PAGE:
Sunday, August 9, 2009

Jamaica Bay Wildlife Refuge

UFOS: Unidentified flying object of the skipper variety

Yesterday on the East Pond at Jamaica Bay Wildlife Refuge, we saw a black swan (Cyngus atratus). These natives of Australia have been imported to this continent as ornamentals, so this one is doubtlessly an escapee. It is spectacular: on the water, it's all black with a red bill, but when stretching its wings (or flying) it shows its white flight feathers. The East Pond is now spotted with dozens upon dozens of mute swans, btw. Other birds added to this year’s list: Lesser yellowlegs, Marbled godwit, Whimbrel, Ruddy turnstone, and Short-billed dowitcher.

It was also a fine day for butterflies: we saw more than these, but these were the ones we could identify: Monarch (below), Red Admiral, Viceroy, American Lady, Clouded Sulphur, Cabbage White, Spring Azure (late in the year?).

On the path back to the A train, found this land snail shell. I think it's another C. nemoralis, but quite different from the striped version in the Back 40.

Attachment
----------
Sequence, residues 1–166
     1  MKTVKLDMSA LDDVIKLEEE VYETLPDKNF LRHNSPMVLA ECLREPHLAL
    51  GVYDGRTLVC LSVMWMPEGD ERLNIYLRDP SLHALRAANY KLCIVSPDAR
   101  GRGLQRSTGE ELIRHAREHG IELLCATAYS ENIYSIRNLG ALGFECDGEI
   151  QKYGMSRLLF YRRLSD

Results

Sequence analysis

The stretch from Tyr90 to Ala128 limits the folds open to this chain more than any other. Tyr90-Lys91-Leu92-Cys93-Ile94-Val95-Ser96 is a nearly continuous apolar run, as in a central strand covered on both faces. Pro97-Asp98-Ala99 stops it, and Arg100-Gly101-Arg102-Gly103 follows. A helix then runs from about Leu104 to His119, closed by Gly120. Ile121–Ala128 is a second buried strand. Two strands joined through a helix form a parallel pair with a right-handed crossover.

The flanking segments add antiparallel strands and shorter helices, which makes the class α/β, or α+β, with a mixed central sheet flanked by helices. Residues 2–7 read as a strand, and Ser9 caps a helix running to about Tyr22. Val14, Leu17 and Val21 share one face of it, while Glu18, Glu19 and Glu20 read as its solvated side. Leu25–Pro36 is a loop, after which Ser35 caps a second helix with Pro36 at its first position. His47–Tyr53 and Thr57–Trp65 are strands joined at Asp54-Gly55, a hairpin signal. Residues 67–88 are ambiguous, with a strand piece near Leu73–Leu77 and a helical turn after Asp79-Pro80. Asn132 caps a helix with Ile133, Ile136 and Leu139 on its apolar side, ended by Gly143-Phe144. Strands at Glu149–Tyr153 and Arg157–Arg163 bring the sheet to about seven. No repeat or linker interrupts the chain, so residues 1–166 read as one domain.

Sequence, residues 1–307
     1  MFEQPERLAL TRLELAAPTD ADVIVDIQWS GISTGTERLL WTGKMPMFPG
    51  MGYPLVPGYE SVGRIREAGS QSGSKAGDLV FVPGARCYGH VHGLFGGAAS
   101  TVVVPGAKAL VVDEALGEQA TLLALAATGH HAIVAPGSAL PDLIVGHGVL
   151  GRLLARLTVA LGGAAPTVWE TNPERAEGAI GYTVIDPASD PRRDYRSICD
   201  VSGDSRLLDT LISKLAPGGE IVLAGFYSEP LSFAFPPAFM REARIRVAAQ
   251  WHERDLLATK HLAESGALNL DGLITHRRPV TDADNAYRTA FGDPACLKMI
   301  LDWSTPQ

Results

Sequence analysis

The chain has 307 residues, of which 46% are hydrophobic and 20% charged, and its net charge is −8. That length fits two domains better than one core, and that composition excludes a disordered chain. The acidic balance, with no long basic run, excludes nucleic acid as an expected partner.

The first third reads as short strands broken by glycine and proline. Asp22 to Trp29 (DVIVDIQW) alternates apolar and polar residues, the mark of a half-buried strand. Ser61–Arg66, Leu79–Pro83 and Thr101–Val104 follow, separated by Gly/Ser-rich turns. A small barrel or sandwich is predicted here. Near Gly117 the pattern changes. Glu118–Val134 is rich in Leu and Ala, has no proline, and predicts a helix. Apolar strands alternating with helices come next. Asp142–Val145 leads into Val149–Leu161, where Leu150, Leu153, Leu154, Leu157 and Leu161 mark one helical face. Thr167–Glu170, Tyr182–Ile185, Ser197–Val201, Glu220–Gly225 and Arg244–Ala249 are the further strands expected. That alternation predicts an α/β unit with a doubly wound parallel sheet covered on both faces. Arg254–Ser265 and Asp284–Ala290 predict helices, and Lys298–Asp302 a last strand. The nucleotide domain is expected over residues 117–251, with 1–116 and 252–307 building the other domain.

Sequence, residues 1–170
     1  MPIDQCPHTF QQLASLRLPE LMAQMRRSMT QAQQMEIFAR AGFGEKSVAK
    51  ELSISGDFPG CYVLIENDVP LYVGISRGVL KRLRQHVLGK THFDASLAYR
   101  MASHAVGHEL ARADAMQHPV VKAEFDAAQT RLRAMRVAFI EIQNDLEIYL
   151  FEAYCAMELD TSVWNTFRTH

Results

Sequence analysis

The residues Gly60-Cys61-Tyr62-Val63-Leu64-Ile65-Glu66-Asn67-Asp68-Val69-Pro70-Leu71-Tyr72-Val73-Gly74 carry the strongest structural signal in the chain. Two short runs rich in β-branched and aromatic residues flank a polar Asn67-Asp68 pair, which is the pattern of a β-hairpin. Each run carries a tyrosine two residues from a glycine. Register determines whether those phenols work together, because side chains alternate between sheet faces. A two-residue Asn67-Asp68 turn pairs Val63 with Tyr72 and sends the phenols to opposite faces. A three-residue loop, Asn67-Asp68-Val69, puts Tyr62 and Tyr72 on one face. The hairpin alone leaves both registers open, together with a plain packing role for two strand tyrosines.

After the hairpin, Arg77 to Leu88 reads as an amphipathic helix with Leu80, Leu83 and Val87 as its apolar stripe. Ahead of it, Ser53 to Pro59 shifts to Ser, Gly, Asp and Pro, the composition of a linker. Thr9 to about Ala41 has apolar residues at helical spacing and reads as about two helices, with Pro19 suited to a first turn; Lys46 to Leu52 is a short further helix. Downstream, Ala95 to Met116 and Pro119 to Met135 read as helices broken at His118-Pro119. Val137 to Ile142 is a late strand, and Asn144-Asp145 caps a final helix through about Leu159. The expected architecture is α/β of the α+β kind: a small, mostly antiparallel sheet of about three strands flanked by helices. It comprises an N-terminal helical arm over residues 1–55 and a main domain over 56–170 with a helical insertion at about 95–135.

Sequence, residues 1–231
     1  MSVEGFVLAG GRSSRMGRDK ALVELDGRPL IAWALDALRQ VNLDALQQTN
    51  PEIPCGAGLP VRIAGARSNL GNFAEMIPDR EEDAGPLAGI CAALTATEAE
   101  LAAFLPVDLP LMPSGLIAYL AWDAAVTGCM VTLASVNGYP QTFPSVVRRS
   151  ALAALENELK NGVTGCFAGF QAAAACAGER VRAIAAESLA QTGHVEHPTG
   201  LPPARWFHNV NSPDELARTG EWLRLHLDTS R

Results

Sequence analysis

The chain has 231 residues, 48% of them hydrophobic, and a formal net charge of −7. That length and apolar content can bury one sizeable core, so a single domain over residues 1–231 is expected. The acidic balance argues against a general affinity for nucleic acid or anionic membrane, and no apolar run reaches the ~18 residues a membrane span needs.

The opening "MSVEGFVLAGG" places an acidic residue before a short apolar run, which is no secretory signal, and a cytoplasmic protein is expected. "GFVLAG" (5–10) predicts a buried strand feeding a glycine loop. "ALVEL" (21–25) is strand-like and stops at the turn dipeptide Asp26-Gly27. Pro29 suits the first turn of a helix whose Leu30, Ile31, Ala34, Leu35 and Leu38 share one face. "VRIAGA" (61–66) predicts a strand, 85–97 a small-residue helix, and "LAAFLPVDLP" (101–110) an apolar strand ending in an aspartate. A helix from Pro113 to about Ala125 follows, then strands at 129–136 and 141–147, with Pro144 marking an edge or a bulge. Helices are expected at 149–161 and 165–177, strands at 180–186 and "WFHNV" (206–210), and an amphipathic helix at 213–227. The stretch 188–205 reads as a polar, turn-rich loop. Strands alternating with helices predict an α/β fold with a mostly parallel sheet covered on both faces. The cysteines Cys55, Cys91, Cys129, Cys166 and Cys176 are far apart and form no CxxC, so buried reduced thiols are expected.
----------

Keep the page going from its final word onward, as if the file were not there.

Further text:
ScottieinaCanoe said...

I live next door to a lake and the former owner had several of those swans you speak of. The swans have long since flown the coop so to speak. The owner, a former physician, who is doing 10 years for insurance fraud and ethical malpractice would like to fly the coop as well.

Again-- very lovely photos. I enjoyed looking at them this evening

Brenda from Flatbush said...

Your day's bird sightings sound like the cast of a Dickens novel!

Matthew said...

I imagine Mr. Whimbrel wears glasses way down his nose and is absentminded, so much so that he misplaces the all important paper that will free the Dowitcher twins from the grasp of the nefarious Yellow-legs for about three hundred pages.

apt pupil said...

I like to see your fingerprints in the photos!

Matthew said...

For the snails, it's either my fingers or my bellybutton...I think the whirl of the vortex of the shell works nicely with the ol' omphalos.